Concurrent Causation: An Adjuster's Dilemma


In the 1982 case Safeco Insurance Co. v. Guyton 2 the court found an insurer liable for flood damage under an all risks homeowners policy, notwithstanding its flood exclusion.

The court held that flooding which damaged the insured’s property resulted from the failure of a third party to maintain flood-control structures. That was not an excluded peril and the court reasoned that the covered (not excluded) peril took precedence over the excluded peril, and thus awarded coverage.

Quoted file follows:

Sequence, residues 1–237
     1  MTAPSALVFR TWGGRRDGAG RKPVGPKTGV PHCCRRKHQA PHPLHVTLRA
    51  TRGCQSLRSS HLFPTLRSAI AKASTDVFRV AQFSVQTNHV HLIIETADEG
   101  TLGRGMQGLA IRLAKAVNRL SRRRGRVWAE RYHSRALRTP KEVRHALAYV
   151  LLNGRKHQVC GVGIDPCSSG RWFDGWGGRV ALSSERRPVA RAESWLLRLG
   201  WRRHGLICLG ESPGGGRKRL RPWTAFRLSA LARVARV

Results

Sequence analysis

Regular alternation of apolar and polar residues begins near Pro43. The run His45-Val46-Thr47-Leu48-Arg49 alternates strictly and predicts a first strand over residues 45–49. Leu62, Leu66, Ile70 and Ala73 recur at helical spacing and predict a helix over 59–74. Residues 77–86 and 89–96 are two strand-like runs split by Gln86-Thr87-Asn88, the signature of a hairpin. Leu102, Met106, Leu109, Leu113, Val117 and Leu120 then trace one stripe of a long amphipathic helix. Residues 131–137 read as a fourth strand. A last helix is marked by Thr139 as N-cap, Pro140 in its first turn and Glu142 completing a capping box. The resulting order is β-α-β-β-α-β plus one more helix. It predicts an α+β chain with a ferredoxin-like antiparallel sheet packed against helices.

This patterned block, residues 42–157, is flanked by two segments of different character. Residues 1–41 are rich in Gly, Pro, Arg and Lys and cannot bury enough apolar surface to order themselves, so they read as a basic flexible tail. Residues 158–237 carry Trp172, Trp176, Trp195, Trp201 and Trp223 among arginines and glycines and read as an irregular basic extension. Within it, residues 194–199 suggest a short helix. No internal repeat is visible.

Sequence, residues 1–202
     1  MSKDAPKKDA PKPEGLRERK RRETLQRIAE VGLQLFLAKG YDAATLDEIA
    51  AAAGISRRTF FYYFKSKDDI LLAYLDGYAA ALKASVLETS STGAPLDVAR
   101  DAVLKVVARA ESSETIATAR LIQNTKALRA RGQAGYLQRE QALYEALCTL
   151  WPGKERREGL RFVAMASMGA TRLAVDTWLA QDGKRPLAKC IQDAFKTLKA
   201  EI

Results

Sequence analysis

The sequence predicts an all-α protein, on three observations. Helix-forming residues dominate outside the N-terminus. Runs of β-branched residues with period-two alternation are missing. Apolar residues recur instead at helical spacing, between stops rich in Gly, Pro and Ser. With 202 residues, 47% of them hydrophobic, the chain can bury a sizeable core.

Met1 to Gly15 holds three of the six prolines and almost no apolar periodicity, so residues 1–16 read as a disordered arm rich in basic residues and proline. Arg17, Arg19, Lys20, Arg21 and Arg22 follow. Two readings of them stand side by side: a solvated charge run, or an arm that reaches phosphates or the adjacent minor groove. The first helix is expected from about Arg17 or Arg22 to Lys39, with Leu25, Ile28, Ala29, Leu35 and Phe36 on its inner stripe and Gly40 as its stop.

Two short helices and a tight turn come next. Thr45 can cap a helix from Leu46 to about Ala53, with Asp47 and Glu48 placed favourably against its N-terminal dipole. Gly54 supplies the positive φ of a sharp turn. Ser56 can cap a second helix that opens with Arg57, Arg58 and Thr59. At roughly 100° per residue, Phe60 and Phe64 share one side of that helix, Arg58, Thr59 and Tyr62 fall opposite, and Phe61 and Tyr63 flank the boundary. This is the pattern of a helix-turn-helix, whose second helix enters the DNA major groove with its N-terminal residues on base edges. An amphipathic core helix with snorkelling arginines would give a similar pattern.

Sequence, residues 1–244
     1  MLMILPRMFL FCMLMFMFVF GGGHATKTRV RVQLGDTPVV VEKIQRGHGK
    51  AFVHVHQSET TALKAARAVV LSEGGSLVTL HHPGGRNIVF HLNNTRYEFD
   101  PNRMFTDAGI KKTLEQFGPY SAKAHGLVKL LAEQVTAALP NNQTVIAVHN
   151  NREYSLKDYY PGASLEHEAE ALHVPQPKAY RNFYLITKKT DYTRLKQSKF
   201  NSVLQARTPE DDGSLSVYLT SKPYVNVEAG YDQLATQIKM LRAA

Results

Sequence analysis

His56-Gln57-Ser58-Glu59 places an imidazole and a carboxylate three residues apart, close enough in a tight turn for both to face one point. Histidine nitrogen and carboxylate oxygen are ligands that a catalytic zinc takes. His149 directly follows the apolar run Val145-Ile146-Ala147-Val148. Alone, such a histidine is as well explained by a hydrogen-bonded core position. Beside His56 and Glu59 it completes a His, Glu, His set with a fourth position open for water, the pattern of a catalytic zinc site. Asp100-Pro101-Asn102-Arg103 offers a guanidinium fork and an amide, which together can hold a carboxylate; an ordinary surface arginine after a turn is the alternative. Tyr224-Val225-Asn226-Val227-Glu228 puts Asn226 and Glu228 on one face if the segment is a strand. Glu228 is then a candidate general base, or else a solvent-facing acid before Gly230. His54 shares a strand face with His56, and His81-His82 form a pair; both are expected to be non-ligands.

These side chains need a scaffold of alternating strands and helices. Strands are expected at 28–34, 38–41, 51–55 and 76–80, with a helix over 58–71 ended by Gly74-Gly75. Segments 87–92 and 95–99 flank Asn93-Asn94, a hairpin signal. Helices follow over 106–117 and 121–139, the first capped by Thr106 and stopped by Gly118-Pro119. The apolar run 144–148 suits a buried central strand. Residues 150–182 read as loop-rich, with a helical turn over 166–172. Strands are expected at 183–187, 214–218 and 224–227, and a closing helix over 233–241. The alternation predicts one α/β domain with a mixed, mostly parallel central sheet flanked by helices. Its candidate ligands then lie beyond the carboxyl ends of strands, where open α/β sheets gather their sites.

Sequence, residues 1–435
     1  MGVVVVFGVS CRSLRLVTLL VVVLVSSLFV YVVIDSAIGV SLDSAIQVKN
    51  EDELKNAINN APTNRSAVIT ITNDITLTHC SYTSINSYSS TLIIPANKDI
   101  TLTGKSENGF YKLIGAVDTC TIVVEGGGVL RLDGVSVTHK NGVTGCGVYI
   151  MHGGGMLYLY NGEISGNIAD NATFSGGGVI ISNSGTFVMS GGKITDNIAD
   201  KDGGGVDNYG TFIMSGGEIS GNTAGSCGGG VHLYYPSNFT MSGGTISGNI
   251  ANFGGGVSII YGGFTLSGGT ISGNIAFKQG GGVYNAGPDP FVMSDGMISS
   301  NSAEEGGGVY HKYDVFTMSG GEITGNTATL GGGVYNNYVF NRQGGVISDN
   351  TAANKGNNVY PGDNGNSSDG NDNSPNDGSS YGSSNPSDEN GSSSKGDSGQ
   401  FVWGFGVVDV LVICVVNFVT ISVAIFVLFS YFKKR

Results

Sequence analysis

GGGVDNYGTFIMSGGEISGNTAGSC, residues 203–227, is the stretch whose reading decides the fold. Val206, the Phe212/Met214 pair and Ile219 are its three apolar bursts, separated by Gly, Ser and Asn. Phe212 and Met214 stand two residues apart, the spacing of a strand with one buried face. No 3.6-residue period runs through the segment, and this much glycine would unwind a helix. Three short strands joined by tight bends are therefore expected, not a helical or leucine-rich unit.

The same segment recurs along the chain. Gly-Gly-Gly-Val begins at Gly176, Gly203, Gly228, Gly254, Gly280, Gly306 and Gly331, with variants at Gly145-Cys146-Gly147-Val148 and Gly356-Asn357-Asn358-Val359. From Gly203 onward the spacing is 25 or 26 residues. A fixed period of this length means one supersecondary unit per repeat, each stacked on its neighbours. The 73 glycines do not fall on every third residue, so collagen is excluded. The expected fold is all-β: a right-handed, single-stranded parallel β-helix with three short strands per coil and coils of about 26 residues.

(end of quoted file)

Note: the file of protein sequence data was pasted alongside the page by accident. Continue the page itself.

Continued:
Similarly, in the 1983 case Premier Insurance Co. v. Welch, 3 a homeowner’s all risks policy was found to cover landslide damage to the insured’s home...

For the most part … property insurers have prevailed in their attempts to enforce ACC exclusions.

… the concept of concurrent causation arose as insurers in the early 20th century combined monoline policies for individual perils (fire, wind, etc.) into multi-peril policies.